Flysch is a word in Swiss/German that means to slide. These rocks were formed in an epoch a long time ago, in the Tertiary Period, around 60 million years ago. These are the result of the demolition of the mountains that were formed from the movement of the continents – the Alps, the Apennines and the Pyrenees and others.
This is the very first VIA Guest Blog post from Susannah Gold, DWS, FWS in New York. Susannah's company is Vigneto Communications and her own blog is avvinare. Additionally, she is a Lugana East Coast Brand Ambassador and a Vinitaly International Italian Wine Ambassador. Susannah is absolutely fabulous because she's willing to get up in the wee hours of the morning, New York time, to take a call from Stevie Kim and Professor Attilio Scienza, and she's not even fazed when they launch straight into discussion of Italian grape varieties and vine genetics.
Here, she helps us translate Professor Attilio Scienza's explanation of the very first "Everybody Needs a Bit of Scienza" question. The question was submitted to ENBS by Gill Gordon-Smith of Fall From Grace, near Adelaide, Australia. Listen to the original recording of Professor Scienza's answer to Gill's question in episode 275 of the Italian Wine Podcast (starting around minute 24:30).
Scienza: Thank you Monty. Hello Monty. Where are you? Where are you? Ciao Giulia.
Stevie: Allora ciao Gill Gordon Smith. She is Australian. She is the owner of Fall from Grace, a producer and she is also an Italian Wine Expert.
Scienza: Hello to everyone who listens to us and I thank all those who asked questions. Say hello only to Gill. Say hello only to Gill. Ciao Gill, I wanted to say hello to everyone in an ecumenical way. One at at time. Can you define Flysch for those who don’t understand what it is.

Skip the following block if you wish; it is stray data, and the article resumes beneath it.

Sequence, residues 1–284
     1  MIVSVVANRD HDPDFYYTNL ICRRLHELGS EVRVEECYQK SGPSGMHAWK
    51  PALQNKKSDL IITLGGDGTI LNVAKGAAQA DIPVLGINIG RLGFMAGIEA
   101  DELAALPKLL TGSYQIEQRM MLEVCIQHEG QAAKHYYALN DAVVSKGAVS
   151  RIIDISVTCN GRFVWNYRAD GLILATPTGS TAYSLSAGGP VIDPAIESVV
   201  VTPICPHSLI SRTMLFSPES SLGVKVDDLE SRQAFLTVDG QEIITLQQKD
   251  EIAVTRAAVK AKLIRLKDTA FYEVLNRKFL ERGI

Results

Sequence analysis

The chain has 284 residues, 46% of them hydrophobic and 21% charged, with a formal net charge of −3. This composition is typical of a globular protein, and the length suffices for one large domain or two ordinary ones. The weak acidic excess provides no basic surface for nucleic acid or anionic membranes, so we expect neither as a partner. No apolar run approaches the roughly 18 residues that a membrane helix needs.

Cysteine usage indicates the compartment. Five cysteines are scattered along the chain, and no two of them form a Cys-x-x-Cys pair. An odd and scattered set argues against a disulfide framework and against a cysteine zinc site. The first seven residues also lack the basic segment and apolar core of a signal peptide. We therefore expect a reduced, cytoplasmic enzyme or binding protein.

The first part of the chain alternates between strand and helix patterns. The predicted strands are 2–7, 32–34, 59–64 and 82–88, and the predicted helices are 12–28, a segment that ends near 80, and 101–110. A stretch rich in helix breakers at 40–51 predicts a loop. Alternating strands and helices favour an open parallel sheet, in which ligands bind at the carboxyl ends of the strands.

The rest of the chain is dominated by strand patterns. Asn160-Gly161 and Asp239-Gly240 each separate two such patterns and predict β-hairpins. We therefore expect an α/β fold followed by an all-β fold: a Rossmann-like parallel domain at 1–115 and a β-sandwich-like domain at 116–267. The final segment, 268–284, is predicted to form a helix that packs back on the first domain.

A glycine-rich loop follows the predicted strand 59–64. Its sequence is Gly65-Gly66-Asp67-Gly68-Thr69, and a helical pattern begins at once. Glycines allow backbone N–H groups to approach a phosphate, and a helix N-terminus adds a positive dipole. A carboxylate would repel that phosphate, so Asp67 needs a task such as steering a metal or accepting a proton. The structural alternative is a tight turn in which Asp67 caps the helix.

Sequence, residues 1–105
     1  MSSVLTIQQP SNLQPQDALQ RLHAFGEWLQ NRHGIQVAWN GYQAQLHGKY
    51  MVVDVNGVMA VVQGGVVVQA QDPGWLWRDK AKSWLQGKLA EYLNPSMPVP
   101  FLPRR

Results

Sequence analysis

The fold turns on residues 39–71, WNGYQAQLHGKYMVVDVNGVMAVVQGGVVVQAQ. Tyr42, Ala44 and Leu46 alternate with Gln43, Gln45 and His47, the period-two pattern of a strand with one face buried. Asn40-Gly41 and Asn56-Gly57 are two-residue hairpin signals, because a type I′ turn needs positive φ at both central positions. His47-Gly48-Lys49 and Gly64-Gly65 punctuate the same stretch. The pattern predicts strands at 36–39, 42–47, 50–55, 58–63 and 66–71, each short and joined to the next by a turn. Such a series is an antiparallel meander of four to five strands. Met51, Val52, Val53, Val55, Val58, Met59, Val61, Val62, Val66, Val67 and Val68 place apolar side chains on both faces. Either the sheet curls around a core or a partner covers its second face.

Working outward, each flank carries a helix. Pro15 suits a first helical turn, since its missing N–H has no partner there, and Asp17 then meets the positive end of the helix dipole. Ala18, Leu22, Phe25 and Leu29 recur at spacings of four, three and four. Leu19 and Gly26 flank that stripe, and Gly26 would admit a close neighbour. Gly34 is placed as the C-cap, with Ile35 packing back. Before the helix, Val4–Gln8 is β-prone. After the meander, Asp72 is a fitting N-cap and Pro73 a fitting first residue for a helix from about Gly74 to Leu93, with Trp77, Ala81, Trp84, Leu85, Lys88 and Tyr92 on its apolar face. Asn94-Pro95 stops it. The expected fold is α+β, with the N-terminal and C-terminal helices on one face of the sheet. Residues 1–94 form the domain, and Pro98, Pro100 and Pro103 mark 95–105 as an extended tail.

Stevie: I beg you only five minutes not five hours.
Scienza: Flysch is a word in Swiss/German that means to slide. These rocks were formed in an epoch a long time ago, in the Tertiary Period, around 60 million years ago. These are the result of the demolition of the mountains that were formed from the movement of the continents – the Alps, the Apennines and the Pyrenees and others.
What are they these soils? They have layers and that is the key. They are rocks with layers of clay and sand. That were created though in the sea. There are ancient soils that were formed because of erosion. Why are they important in Italian viticulture? The desolution of these sedimentary rocks which are not as hard as others. These are sedimentary rocks but they are not as hard as some others like granite or Porphyry soils.
What color are they? Usually they are grey or brown. What’s interesting is the percentage of clay and sand changes. This is what is very interesting. They are many terroirs, viticultural areas that are created from Flysch. An example is some terroirs that are from Flysch– think of the Ponca from the Colli Orientali or the Collio. The terroir of Barolo and Barbaresco. The Colline Romagnolii. And Chianti too. Albarese and Galestro are also created from Flysch. In the next question we will talk about it.
Stevie: Then let’s wait for the next questions let’s not get ahead of ourselves. Do you know that we call you Fysh man? That’s where this question came from. See you next time! Alla prossima!